• 4 Years Ago
        You also realize that the number you quoted was for the F-450. Not the comparable F-350. Which is rated at 22,600. 100 less than the Ram. And as the guy above me pointed out, the Ram conforms to the new 2013 SAE standards, while the Ford does not.

        It also has the benefit of a better exterior, as with the presence of stamped steel fenders, instead of plastic ones like on the Ford, a better interior, and a better exterior. I just can't get past that huge grill of the F-350.
      • 4 Years Ago
      Folks it doesn't matter, with new CAFE standards looming, Fiat will only be allowed to sell a 100 or so of these Ram 3500 HD HO units.
        • 4 Years Ago
        I stand corrected -- what a scam. No doubt they threw in an extra lead bar (or two) to push it over the weight limit.
        • 4 Years Ago
        These HD trucks are exempt from CAFE
        • 4 Years Ago
        Umm... no.

        The most recent revision to CAFE standards (passed in 2007) exempts vehicles with a GVWR of more than 10,000 pounds from meeting any sort of fuel economy standards.

        The minimum GVWR for a 2011 Ram 3500 is - surprise! - 10,500 pounds.

        They can sell as many of these as they want without any impact on their CAFE fuel economy targets.
      • 4 Years Ago
      Interesting, we have a Wiki leak today about Saudi oil resources being over estimates by 40%, and the auto show if filled with vehicles with impress fuel consumption figures.

      China not just buying foreign oil on the oil spot market, now going to US and International Oil Companies and Buying Their Assets.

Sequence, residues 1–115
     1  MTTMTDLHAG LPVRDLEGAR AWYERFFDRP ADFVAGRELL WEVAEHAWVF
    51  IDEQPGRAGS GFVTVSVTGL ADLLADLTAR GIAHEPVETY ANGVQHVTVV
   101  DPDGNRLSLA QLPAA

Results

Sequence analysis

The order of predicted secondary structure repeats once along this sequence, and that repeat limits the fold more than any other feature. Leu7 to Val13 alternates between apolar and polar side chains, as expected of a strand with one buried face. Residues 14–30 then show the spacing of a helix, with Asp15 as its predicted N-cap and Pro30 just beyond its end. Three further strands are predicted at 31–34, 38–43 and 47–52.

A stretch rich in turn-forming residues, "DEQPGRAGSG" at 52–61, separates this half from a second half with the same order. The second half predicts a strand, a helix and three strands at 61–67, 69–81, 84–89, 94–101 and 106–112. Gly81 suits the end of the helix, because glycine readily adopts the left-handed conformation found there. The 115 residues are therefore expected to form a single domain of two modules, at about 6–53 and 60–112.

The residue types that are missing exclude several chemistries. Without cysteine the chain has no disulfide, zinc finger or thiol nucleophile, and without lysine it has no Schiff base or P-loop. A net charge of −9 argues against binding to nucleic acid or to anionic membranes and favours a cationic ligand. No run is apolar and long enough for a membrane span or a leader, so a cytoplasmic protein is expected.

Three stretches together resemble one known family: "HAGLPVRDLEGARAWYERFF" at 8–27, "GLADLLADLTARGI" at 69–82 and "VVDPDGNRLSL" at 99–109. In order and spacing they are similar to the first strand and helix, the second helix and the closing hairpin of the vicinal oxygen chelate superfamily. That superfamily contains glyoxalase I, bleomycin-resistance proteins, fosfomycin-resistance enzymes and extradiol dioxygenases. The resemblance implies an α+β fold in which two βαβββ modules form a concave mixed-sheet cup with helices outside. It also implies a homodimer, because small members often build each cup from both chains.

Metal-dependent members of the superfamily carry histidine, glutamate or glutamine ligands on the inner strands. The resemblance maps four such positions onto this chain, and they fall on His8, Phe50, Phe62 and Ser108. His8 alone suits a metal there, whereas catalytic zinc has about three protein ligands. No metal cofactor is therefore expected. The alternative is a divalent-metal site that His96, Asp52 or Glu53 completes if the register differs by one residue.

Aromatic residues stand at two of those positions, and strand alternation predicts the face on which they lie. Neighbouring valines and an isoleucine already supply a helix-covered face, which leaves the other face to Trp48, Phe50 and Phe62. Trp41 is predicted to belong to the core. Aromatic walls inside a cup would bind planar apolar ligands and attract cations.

The BP well that exploded, wasn't it the deepest well BP ever drilled? [ Peak Oil ] Oil will not get cheaper.

      Somewhere there's a disconnect.
      Are US buyers going to continue to double down on gas guzzlers, and risk personal and business bankruptcy?
        • 4 Years Ago
        And not a single fact to back up your claims.

        Yawn.
        • 4 Years Ago
        Feel free to go tell all the people who need a vehicle to tow that they have to use a Prius. Then we'll see a "disconnect".
      • 4 Years Ago
      strap that engine on a light weight two seat sport car like a cayman.

      ???

      PROFIT!
        • 4 Years Ago
        And remember, that's 800 lb-ft STOCK.

        Tuner Rams are routinely cranking over 2000 lb-ft, and 1000 hp. Turbo boost psi is well into 3 digits...
        • 4 Years Ago
        With 800 ft/lbs, that's about enough that the engine would remain stationary and the rest of the car would rotate around it.
      • 4 Years Ago
      Too bad they do not make RHD versions of these Pickups, as the 30,000lb GCM would go down a treat with the heavy Caravan and 5th Wheel towers in Australia. Unlike the US HD Pickups are only used as TV's, you would never see them near a work site or on a farm.
      • 4 Years Ago